Low-power, 64-bit ARM servers from Calxeda will make their way into the datacentre in 2014, the company has revealed.
On Wednesday, the server start-up gave details of its roadmap, outlining plans for two new generations of hardware built on its own version of 64-bit and 32-bit ARM chips.
"The processor roadmap goes to [ARM] A15 next year and then 64-bit the following year," Karl Freund, Calxeda's vice president of marketing, told ZDNet. "64-bit opens up a much broader market."
Chip architecture company ARM introduced its 64-bit v8 chips in late 2011. It typically takes around a year to 18 months before ARM licensees are able to tweak a processor for their own designs and begin making them.
At the moment, Calxeda is in the middle of the pack in terms of timeline. For example, chipmaker and fellow licensee Applied Micro hopes to have a prototype ARM chip at the end of 2012, with production due at some point in 2013.
This contrasts with Calxeda, which is instead doing a 32-bit chip next year and a 64-bit processor the year after. One possible reason for the lag is that the company has to engineer an entire server platform, while Applied Micro is just doing the chip.
Along with this, Calxeda's products incorporate the on-chip Layer 2 network fabric, which adds to overall development. The company took in $55m in funding recently to help it hire more software and hardware engineers.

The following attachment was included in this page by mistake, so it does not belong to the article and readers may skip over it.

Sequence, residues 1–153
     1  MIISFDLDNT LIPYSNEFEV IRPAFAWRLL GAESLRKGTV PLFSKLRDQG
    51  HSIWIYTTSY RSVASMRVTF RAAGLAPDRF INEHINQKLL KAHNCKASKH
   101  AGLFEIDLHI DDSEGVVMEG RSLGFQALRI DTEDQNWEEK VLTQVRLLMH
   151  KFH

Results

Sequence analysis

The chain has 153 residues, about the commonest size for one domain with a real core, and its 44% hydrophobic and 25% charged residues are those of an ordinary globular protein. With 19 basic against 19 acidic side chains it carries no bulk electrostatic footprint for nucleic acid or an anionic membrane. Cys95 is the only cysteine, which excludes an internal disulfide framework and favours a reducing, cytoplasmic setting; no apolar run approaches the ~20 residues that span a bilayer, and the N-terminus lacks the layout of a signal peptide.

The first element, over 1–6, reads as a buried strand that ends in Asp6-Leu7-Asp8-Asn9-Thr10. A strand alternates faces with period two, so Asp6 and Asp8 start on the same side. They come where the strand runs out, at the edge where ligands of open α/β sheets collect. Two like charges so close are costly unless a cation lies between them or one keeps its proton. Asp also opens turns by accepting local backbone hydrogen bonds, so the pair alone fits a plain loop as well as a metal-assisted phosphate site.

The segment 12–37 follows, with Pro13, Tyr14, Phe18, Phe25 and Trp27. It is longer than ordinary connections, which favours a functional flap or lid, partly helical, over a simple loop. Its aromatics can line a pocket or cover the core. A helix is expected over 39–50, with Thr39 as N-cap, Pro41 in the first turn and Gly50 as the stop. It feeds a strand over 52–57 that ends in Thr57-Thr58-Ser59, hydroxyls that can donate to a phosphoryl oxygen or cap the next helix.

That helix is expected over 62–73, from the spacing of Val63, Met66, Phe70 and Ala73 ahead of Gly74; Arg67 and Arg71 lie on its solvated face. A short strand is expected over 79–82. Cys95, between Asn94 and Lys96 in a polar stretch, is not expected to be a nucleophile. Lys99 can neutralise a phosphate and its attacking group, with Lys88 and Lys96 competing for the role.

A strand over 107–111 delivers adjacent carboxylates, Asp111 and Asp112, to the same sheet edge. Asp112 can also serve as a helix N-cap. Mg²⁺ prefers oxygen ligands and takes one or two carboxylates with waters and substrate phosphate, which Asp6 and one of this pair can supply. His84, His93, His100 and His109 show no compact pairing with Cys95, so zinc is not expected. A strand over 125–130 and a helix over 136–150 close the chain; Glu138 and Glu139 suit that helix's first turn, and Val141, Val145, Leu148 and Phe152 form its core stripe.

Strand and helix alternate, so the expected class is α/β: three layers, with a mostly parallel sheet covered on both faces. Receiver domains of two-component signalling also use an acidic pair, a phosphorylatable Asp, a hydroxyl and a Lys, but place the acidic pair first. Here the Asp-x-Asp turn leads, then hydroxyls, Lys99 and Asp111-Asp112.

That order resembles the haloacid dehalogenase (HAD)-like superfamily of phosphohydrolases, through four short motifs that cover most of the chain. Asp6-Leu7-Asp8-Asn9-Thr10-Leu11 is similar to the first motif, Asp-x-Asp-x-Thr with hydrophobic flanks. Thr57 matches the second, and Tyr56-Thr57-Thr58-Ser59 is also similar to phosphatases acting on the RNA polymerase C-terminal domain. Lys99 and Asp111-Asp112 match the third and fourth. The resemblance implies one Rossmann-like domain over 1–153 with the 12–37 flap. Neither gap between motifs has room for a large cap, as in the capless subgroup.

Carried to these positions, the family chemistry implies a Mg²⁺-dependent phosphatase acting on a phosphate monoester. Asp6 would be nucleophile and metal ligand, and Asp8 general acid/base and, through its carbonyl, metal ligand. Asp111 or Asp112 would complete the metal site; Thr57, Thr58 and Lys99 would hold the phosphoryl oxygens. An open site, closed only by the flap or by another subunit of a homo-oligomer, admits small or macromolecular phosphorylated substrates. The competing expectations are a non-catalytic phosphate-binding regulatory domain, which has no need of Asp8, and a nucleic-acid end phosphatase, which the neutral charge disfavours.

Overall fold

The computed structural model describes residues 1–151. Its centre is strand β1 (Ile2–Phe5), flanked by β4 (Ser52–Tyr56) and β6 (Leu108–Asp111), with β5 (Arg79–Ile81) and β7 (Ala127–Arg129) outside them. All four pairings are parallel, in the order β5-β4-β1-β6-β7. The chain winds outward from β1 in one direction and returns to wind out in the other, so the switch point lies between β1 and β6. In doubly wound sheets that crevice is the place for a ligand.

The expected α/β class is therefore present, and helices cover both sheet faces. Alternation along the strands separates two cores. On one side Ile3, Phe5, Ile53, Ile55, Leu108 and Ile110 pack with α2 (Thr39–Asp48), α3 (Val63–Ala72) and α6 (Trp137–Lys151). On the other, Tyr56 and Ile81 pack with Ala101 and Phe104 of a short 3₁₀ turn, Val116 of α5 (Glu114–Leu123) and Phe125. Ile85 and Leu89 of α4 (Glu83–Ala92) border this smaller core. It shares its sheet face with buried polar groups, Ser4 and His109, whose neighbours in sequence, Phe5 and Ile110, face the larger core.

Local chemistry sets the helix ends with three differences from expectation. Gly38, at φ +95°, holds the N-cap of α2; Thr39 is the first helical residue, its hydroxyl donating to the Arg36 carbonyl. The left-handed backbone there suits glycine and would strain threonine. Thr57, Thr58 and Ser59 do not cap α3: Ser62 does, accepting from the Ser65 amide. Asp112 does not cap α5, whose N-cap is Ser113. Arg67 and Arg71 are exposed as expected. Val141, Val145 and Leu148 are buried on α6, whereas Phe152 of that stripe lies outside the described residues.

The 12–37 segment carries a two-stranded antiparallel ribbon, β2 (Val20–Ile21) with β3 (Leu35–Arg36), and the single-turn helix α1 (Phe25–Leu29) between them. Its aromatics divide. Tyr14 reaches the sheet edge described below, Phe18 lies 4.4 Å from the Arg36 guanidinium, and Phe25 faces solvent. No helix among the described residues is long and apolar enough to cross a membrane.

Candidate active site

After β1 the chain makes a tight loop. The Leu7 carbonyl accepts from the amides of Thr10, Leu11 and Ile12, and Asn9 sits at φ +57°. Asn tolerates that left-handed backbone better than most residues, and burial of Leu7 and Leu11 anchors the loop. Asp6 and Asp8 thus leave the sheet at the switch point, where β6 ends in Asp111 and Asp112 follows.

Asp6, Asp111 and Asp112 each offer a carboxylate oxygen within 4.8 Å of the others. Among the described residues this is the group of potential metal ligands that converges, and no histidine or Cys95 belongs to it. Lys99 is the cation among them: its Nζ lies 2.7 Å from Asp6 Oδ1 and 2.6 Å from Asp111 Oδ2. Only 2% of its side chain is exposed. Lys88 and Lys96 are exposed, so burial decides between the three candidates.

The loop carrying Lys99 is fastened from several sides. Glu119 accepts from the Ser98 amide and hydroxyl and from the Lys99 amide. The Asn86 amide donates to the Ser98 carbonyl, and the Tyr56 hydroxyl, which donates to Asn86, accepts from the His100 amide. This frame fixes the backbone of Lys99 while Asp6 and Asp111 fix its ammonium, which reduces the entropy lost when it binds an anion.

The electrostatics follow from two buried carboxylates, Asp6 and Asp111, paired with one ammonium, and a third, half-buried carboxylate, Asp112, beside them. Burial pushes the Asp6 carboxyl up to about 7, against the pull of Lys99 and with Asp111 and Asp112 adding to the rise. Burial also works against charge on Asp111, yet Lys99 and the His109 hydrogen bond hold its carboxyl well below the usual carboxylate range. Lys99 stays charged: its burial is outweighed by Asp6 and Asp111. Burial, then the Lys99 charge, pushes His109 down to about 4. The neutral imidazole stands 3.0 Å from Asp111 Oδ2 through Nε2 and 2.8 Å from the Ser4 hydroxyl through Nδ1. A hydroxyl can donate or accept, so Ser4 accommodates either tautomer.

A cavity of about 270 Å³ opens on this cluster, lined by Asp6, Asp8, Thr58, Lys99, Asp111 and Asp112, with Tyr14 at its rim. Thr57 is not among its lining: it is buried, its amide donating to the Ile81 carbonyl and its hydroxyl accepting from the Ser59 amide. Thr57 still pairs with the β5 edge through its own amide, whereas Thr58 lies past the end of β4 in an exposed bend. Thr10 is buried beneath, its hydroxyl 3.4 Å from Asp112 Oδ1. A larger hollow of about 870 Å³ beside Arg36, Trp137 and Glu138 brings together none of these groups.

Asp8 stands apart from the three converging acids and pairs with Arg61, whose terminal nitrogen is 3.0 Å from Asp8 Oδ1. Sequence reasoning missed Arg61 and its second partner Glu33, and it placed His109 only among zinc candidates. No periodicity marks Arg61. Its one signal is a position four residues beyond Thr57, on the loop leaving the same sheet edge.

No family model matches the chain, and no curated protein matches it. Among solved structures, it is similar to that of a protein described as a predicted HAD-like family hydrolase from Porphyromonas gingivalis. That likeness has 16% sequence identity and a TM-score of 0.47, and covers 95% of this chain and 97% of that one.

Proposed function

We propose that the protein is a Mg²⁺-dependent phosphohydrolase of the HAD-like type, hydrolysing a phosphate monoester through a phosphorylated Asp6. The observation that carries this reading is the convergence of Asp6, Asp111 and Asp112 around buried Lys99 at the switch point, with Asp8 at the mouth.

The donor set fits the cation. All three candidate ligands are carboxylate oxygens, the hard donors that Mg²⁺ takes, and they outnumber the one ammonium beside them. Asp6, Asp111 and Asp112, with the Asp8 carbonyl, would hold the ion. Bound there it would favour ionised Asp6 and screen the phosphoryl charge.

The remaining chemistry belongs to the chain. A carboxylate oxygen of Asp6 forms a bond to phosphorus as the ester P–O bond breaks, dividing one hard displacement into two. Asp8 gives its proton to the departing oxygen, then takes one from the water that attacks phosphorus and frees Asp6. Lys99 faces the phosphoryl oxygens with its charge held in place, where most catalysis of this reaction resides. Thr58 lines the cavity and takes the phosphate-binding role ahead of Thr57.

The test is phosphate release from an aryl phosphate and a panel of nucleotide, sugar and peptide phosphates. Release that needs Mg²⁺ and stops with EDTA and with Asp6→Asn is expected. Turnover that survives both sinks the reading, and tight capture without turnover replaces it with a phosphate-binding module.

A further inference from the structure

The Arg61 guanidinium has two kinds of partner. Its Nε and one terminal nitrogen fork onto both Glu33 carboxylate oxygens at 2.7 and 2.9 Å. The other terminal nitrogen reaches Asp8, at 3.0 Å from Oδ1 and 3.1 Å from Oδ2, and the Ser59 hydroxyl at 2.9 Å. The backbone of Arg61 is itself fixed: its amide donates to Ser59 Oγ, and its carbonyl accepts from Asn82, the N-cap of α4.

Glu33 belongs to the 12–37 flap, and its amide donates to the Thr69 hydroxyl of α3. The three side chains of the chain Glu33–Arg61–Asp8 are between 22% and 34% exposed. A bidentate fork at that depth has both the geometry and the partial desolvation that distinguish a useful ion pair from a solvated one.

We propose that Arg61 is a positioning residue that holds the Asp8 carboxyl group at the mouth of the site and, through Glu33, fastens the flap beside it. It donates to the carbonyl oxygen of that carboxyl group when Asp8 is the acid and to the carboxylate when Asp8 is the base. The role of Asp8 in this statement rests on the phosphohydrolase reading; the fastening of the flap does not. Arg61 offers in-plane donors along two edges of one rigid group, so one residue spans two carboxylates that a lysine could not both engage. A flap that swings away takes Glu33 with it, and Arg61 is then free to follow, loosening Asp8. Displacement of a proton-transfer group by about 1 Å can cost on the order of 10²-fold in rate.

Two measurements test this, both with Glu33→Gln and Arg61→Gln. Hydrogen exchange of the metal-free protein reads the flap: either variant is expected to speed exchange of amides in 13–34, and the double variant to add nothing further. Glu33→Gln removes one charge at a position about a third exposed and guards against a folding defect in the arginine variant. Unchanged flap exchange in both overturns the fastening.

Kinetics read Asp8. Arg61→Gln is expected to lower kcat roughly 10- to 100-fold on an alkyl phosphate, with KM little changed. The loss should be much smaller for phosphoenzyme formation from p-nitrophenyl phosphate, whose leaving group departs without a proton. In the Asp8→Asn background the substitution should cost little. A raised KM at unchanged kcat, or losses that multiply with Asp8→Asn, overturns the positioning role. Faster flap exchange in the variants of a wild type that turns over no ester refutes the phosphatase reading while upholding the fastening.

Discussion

32-bit in 2013
In 2012, Calxeda plans to launch a server codenamed 'Midway', based on the ARM 32-bit A15 processor. The server will use an updated version of Calxeda's on-chip Fabric Switch.
A software upgrade to Fabric Switch will give Midway dynamic power and routing optimisation for clusters of Calxeda servers, the company said in a statement.
As for power — the main reason why companies like Facebook are so interested in ARM servers — Freund said Midway will have a "comparable performance per watt" to Calxeda's current generation of ARM-based 5W EnergyCard servers.
However, Midway will support more DRAM than the 4GB EnergyCards. This means its power use may increase at a faster rate than performance, due to the different memory footprint, Freund acknowledged.
The company plans to launch the 32-bit Midway server in 2013. It could not be more specific on the release date as it has yet to finalise the design of the processors with its contract chip foundry TSMC.
64-bit arrives in 2014
After Midway, Calxeda plans to deliver a 'Lago' server using ARM's 64-bit v8 chip. It will also have a further upgrade to Fabric Switch, meaning the server will be able to connect "hundreds of thousands of [server] nodes" together, the company said in a statement.
This third generation of fabric is designed to "make it easy to deploy and optimise across fleets of servers", Freund said. Ultimately, Calxeda wants to be able to network together its servers in clusters to run distributed workloads.
Calxeda's strategy is based on ARM servers being used in clusters to support cloud workloads. It strikes me that its commitment to engineering its server and fabric switch may have put it behind some of its competitors in terms of time but ahead in terms of capability. It most likely believes this approach will benefit its equipment in the long run, by making Calxeda servers a better fit for large-scale clouds supporting parallelised workloads.